Infections of mothers and their babies (both in utero and ex utero) are a major global health challenge. Bacterial infections arise from many sources, both natural and iatrogenic, and affect mothers and babies in a variety of ways. Viruses are often more virulent in pregnancy, and can produce different effects in the pregnant, as opposed to the nonpregnant, woman. Although not intended to be a comprehensive collection, the articles presented in this special themed issue of BJOG illustrate the consequences of important microbial infections during pregnancy, review potential causative mechanisms and give examples of prevention and treatment strategies, available both now and potentially in the future.
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Preterm birth and the immune response
A major consequence of bacterial invasion of the amniotic cavity is the induction of premature myometrial contractions followed by preterm delivery. Evidence is accumulating that some of the inflammatory mediators exert direct neurotoxic effects on the developing fetal brain and also increase susceptibility to damage by other noxious agents. Future efforts to reduce the rate of preterm birth depend upon gaining an improved understanding of the causative mechanism(s), determining differences in individual susceptibility, and identifying specific early-stage biomarkers that will allow the development of novel and timely intervention strategies. The pioneering studies on nonhuman primates reviewed by Adams Waldorf et al. (page 136) provide a comprehensive background to the sequence of events, progressing from intrauterine infection to proinflammatory cytokine activation, prostaglandin production, premature contractions, cervical changes and premature delivery. Furthermore, they clearly demonstrate that once an infection is established and the proinflammatory cytokine pathway is triggered, antibiotic administration alone is unable to prevent infection-induced preterm labour. However, in their monkey model, a combination of antibiotic plus immune modulator (dexamethasone, indomethacin or a Toll-like receptor 4 antagonist) successfully prevented premature myometrial contractions despite the presence of infection. The potential of this approach for reversing human preterm labour awaits further advances in our understanding of infection-related mechanisms as well as a full examination of safety issues.
The immune responses to infectious agents during pregnancy, compared with the nonpregnant state, are reviewed by Witkin et al. (page 145). It is becoming increasingly apparent that women have evolved a unique and diverse set of immune resistance and tolerance mechanisms during gestation to modulate the immune response to infectious stimuli, which allows for effective maintenance of immunological processes while preventing damage to developing fetal organs or the triggering of preterm delivery. Genc and Onderdonk (page 154) bring us up to date on bacteria that are normally present in the vagina and how variations (polymorphisms) in a woman’s immune response genes can alter the composition of this flora and influence the likelihood of bacterial migration to the amniotic cavity and induction of premature labour. Taylor-Robinson and Lamont (page 164) review the effects of Mycoplasma species during pregnancy; their pathogenicity remains controversial. Studies on monkeys by Adams Waldorf et al. (page 136) and on pregnant women in premature labour by Holst et al. (page 240), have identified potential biomarkers in amniotic fluid and in cervical secretions for the early detection of intra-amniotic infection. In humans, elevated cervical concentrations of monocyte chemotactic protein-1 and interleukin-17 were the best indicators of early microbial intra-amniotic invasion. These studies could lead to sensitive clinical assays to successfully predict, and eventually treat and prevent, infection-related preterm birth.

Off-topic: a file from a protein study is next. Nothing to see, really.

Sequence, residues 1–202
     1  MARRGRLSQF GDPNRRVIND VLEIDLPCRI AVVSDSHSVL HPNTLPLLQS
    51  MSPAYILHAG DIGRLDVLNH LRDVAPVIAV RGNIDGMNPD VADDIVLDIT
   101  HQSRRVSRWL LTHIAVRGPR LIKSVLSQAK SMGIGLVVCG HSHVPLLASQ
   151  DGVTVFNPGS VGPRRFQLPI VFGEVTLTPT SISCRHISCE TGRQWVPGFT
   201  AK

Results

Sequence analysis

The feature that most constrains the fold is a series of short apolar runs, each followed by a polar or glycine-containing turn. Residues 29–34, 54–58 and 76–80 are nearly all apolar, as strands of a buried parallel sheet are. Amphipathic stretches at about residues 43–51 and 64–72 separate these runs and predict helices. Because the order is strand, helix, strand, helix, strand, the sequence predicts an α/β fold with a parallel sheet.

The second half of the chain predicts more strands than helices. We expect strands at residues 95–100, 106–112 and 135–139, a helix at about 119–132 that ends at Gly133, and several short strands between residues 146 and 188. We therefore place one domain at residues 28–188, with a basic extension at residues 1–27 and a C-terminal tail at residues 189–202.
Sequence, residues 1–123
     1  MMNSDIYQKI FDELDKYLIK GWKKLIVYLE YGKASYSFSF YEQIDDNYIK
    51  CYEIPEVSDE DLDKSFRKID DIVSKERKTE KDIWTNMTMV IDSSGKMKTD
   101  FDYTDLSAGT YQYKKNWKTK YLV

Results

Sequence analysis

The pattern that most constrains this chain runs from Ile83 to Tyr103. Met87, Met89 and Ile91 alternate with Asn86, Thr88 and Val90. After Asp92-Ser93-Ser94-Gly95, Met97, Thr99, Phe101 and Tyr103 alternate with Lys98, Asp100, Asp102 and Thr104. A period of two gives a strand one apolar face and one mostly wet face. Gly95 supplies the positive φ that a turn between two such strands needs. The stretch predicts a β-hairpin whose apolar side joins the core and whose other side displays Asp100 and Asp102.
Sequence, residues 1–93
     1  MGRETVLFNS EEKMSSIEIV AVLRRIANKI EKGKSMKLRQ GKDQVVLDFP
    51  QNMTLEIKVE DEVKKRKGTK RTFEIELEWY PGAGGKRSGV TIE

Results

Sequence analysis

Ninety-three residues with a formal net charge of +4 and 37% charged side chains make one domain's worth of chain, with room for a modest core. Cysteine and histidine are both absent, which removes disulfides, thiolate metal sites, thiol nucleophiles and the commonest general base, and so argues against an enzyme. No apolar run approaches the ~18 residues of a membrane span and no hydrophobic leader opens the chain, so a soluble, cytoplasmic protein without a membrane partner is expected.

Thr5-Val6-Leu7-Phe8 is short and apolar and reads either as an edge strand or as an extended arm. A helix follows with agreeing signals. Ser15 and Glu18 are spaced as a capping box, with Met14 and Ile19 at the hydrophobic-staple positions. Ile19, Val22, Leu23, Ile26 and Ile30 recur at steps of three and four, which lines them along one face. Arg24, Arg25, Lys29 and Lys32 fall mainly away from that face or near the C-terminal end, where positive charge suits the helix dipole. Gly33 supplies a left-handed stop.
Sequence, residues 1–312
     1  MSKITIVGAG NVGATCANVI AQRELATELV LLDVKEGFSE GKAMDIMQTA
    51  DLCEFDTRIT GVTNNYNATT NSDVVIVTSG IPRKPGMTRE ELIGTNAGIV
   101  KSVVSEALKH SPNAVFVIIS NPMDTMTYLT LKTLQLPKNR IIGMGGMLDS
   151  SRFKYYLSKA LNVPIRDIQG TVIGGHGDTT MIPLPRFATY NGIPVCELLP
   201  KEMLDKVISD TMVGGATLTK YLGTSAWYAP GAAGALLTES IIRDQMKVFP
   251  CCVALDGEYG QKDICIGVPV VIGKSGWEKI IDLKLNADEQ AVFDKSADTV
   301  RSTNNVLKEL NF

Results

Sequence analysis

It has remained unclear whether bacteria associated with periodontal disease actually induce preterm birth or if it is merely the same genetic factors that foster bacterial growth in the lower genital tract that also allow the proliferation of oral bacteria. Relevant new information regarding a more direct association between periodontal infection and preterm birth is presented in this issue by Jeffcoat et al. (page 250). Among pregnant women with periodontal disease, those who were successfully treated had a significantly lower rate of preterm delivery than women whose periodontal disease persisted after treatment.
Although still controversial, there is indirect evidence that in preterm birth associated with suspected chorioamnionitis, antenatal steroid administration is at least safe (for the mother) if not overly effective (for the neonate). A systematic review and meta-analysis by Been et al. (page 113) of eight observational studies evaluated the efficacy and safety of antenatal steroids in clinical and in histological chorioamnionitis. It suggests that antenatal steroid use is safe and reduces adverse neonatal outcome, although the authors recommend further randomised controlled trials to settle the issue.
Taking forward conventional ideas and practices
Sometimes common bacterial infections that usually have relatively minor consequences can produce disastrous outcomes. Śledzińska et al. on page 266 describes a fatal case of overwhelming sepsis from Escherichia coli urinary tract infection. Although we do not usually accept case reports, the accompanying commentary by Nowicki (page 109) on the pathogenesis of urinary tract infection in pregnancy was novel, and challenges conventional wisdom by focusing on the relative roles of urinary obstruction, immune adaptation and microbial virulence. In their paper on wound infection after caesarean section, Lamont et al. (page 193) contest another convention—that of antibiotic administration after umbilical cord clamping and discuss the evidence supporting preoperative antibiotic use.